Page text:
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Topic: Assessment in Maths. - Statement from the IMU
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Jerry P. Becker

Posts: 13,744
Registered: 12/3/04
Assessment in Maths. - Statement from the IMU
Posted: Dec 5, 2013 3:33 PM
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*******************************
From the The Electronic IMU Newsletter <imu-net@mathunion.org>,
IMU-Net 62: November 2013 -- A Bimonthly Email Newsletter from the
International Mathematical Union. Editor: Mireille Chaleyat-Maurel,
University Paris Descartes, Paris, France
*******************************
1. EDITORIAL

As students we are taught the importance of rigour and precise proofs
in mathematics, and those of us who are now teaching mathematics try
to transmit this to the next generation. Providing detailed
assessment of written work is an important part of this process; this
task can be time consuming and requires considerable care and
attention, but it is a somewhat easier one in mathematics than in
most other sciences or in the humanities, since an answer to a
mathematical question is more clearly either correct or not. I have
actually noticed that the fact that evaluations were "fair" is
frequently mentioned when mathematicians remember what made them then
prefer mathematics to other subjects in high school.

This commitment to rigorous and fair assessment resurfaces in various
ways in academic life. For example, mathematicians themselves prefer
to be the ones who make editorial decisions in our main journals.
This contrasts with some other scientific disciplines whose major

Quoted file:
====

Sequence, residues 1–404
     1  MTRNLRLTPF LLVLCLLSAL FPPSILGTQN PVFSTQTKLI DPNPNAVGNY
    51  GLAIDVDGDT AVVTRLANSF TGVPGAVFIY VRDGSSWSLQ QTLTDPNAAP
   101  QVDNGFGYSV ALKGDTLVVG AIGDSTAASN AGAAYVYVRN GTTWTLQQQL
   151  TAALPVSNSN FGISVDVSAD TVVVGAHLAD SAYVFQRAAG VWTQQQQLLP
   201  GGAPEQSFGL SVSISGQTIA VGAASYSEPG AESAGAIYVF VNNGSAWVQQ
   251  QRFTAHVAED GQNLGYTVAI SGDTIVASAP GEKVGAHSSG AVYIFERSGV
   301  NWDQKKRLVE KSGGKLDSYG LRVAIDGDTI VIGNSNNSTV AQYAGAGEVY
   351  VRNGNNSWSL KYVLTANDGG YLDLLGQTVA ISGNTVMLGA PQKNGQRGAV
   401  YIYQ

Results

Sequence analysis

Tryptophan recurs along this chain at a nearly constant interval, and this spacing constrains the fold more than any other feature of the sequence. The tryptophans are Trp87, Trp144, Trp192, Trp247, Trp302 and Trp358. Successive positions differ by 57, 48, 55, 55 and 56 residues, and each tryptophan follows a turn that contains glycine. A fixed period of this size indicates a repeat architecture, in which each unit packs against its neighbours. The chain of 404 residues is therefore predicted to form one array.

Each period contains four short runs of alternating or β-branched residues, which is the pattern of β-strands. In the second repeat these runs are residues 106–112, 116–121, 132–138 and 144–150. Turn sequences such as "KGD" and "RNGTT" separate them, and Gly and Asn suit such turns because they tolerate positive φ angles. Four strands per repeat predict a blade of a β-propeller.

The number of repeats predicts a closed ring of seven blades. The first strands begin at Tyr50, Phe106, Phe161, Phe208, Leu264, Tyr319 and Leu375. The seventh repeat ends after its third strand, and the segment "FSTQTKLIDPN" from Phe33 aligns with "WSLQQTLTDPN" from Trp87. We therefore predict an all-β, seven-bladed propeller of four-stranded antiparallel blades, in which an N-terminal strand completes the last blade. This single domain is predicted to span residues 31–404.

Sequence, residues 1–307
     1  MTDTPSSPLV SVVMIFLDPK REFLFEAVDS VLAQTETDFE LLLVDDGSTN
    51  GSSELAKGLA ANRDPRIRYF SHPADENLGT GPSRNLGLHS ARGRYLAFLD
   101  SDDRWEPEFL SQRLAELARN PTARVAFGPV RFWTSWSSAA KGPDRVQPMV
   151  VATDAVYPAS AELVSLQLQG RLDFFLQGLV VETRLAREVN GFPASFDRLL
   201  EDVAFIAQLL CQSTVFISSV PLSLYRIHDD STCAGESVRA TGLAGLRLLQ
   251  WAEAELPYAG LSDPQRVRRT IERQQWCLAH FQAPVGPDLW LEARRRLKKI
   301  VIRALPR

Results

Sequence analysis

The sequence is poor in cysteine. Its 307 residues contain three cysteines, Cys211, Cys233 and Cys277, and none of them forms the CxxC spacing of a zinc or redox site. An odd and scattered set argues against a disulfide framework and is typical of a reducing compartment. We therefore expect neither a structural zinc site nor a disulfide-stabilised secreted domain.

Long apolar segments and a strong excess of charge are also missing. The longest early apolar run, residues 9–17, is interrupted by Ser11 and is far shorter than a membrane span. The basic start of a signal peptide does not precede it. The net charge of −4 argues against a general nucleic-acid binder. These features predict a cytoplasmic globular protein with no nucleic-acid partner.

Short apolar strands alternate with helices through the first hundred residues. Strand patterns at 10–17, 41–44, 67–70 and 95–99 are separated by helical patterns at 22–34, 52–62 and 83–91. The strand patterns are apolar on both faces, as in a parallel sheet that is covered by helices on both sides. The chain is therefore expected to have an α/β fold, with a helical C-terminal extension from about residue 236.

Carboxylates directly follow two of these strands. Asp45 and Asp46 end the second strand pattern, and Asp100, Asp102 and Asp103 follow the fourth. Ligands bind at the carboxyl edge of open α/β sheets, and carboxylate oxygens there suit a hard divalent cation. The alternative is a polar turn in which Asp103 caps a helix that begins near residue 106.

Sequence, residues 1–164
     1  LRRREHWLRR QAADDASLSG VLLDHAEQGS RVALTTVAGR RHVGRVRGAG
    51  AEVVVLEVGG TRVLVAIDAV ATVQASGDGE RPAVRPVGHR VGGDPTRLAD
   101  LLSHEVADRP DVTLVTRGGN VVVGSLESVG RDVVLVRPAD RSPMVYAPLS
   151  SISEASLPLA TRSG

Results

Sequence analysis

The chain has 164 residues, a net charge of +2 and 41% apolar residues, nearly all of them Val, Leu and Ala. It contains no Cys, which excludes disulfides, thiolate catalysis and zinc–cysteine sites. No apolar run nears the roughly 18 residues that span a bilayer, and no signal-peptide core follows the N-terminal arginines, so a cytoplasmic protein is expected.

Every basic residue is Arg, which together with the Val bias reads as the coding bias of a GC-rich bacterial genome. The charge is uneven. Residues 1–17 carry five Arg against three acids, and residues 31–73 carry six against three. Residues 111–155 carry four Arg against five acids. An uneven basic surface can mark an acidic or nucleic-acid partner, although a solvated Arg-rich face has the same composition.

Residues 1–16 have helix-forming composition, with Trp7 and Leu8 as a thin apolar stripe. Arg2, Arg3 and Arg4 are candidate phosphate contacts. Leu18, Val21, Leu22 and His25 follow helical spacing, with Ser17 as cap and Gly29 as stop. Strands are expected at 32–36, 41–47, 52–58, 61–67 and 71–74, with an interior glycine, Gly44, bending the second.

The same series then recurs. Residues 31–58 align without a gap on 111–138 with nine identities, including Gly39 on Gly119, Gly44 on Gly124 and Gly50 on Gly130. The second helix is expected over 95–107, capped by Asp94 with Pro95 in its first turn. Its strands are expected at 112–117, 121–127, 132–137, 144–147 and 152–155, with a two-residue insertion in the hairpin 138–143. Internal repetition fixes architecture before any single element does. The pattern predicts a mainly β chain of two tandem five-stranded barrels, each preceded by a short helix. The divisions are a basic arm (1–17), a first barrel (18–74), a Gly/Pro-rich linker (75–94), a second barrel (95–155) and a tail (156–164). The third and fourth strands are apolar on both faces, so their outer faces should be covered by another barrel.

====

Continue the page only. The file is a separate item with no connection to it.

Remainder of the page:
journals, including Science and Nature, employ professional editors
rather than relying on the editorial judgement of active scientists.

Interdisciplinary panels tasked with evaluating the scientific output
of individuals are a common feature of today's academic world.
Usually, if not always, mathematicians who sit on such panels have
the impression that the evaluation criteria come from a foreign
planet. Arbitrarily defined bibliometric indexes and impact factors
often seem to virtually automatically govern important decisions,
which, in many cases, decide allocation of large sums of money.
Furthermore, the members of evaluating panels can have very limited
understanding (to say the least) of the actual work that they are
evaluating. All this seems in total contradiction with the
foundations of our conception of science, and can indeed have
devastating direct repercussions on the science produced (since
meeting the criteria of these artificial evaluation rules would
become the main goal to achieve, instead of the intrinsic quality and
originality of the research output).

While evaluation is in general a sensitive subject and a difficult
task (a complete consensual guide on "how to evaluate" would probably
be impossible to produce), it is important to remain firm on
the basic principles, particularly that it is neither fair nor
efficient to evaluate something that one does not understand. It is
therefore essential that we continue to resist pressure from
governing bodies, universities and other institutions that try to
implement semi-automatized evaluation procedures.

IMU plans to release soon a short statement stressing these basic
principles. I hope that this will be a useful tool for all of us who
have to plead this cause.

Wendelin Werner
Member at large of the Executive Committee of IMU

**************************************
--
Jerry P. Becker
Dept. of Curriculum & Instruction
Southern Illinois University
625 Wham Drive
Mail Code 4610
Carbondale, IL 62901-4610
Phone: (618) 453-4241 [O]
(618) 457-8903 [H]
Fax: (618) 453-4244
E-mail: jbecker@siu.edu



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